Registering a new domain name directly through a top domain registrar is referred to as sourcing from the primary market.
Top domain registrars include GoDaddy, Namecheap, Hostinger, Hostgator, 1and1 IONOS, and so on. The price for registering a domain name varies from one registrar to another but it ranges between $5 – $10 (USD).
2. Secondary Market
The secondary market is the second option, and it means you want to buy an already registered name. Examples of secondary markets are Flippa, Namecheap Domain Marketplace, Sedo, GoDaddy Domain Auction, Afternic, just to mention but a few.
Pricing at the secondary market is a bit on the high side and can vary wildly between domains. This is determined by so many factors like the age of the domain, niche, number of websites linking to that domain (technically known as backlinks), number of characters, valuation of the meaning of the names, and so many other factors.
How to choose the right domain name
Typically, the best domain names are short, easy to remember, spell, and pronounce.
Your returns in the domain flipping business would depend on how good your judgement towards choosing a great name is. In other words, choosing the right domain name would be very crucial to your success in this business; You don’t just buy any domain name you can think of, it just doesn’t work like that.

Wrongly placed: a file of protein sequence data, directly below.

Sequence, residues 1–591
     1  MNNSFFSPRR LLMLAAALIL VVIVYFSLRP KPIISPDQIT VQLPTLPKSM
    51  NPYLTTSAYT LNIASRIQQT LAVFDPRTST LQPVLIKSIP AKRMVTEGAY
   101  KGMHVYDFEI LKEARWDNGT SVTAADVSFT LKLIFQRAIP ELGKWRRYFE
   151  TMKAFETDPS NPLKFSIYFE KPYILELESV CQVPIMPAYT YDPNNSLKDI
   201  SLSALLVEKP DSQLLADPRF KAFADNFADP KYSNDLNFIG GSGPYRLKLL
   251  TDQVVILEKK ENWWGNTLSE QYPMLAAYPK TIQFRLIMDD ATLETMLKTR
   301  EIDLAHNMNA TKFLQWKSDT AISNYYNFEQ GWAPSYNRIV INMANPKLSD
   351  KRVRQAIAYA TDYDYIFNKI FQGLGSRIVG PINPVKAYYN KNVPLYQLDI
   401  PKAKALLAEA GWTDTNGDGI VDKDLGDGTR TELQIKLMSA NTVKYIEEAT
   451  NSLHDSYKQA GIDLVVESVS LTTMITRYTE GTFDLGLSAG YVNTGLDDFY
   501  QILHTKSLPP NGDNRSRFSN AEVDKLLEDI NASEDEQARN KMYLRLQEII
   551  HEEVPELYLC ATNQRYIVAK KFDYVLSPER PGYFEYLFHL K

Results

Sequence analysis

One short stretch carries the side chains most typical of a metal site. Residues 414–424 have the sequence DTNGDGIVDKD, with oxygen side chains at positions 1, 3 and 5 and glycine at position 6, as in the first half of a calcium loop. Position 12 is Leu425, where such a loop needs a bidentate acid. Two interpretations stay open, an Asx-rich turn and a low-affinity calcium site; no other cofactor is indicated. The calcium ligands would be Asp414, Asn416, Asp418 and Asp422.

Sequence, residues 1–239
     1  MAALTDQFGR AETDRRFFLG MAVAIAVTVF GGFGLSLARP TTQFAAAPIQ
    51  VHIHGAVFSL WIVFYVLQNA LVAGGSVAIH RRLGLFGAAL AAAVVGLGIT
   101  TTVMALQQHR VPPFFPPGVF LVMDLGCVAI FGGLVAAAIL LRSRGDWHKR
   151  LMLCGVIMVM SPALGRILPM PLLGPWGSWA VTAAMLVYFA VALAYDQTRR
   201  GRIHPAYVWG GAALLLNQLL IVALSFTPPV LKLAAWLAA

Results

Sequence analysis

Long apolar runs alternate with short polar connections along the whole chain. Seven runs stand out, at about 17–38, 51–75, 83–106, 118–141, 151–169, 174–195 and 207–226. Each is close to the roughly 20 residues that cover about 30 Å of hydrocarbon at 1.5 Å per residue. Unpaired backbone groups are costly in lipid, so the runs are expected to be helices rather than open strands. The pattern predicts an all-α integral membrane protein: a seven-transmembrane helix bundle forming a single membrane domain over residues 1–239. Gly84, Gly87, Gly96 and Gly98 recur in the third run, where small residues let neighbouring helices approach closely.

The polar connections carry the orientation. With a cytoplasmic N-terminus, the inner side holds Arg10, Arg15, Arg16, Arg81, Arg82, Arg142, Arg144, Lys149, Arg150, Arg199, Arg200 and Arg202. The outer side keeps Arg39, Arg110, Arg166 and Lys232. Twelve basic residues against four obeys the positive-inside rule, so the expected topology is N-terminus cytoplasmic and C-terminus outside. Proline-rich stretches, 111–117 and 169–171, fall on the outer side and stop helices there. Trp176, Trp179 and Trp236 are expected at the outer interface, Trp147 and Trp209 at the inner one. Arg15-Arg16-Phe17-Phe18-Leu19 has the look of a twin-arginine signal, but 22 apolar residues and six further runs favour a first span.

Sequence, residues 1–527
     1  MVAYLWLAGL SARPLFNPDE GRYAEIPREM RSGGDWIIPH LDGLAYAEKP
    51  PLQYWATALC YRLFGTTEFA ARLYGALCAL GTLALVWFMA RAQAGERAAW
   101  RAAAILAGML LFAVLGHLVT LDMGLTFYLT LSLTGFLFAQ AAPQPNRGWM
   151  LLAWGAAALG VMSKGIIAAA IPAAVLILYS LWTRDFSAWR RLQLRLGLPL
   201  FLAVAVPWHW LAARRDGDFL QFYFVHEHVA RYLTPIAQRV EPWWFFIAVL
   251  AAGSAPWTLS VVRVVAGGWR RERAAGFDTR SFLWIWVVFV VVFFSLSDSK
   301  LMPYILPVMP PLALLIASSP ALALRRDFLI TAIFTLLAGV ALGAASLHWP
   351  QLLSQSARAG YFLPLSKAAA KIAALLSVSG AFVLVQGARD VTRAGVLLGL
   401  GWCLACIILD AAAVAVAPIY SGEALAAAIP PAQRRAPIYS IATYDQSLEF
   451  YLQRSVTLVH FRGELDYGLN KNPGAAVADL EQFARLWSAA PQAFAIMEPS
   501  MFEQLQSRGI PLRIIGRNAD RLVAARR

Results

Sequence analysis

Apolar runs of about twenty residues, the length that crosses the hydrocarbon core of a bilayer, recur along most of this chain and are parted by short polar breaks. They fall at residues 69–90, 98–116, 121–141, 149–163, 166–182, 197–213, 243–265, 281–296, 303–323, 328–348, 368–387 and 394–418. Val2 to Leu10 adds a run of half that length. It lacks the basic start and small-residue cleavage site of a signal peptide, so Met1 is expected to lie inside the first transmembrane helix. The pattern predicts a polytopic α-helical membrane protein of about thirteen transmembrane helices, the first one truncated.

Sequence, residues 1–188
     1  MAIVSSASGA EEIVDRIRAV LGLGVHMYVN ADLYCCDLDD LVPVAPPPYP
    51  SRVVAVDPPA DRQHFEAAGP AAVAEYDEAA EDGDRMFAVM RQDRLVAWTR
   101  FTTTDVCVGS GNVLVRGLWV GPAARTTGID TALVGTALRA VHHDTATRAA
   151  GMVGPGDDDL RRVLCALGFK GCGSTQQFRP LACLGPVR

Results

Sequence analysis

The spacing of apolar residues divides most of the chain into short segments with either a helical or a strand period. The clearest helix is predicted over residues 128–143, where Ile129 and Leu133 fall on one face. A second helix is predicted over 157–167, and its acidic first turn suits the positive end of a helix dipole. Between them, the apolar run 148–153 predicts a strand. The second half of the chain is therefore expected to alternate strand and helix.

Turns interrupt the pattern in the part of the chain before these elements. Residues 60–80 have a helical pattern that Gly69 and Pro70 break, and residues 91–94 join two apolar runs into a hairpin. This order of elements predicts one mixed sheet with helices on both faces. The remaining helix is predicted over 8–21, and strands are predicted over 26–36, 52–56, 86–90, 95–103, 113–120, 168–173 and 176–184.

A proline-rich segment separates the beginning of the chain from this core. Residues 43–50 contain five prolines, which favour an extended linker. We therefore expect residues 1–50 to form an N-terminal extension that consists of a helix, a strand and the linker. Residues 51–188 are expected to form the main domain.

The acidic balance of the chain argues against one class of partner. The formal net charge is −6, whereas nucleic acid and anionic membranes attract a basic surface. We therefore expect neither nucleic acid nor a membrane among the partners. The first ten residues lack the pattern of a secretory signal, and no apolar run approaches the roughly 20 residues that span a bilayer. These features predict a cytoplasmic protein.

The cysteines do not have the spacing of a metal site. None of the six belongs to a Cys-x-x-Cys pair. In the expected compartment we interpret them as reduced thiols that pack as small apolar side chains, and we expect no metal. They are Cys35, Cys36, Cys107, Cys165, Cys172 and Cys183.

You shouldn’t always have to gamble. You should learn how to identify marketable names in order to increase your chances of breaking rich from flipping domains. You can visit domain gossip and news sites like TheDomains, Domaining, DomainInvesting to find out the latest trend in the domain flipping market.
It is not that easy to predict a name that will sell profitably, but if you are up to date with the industry trends, you will be better positioned to make the right decisions at every stage.
I hope you enjoyed reading this piece, let me know if you have any questions in the comment section below.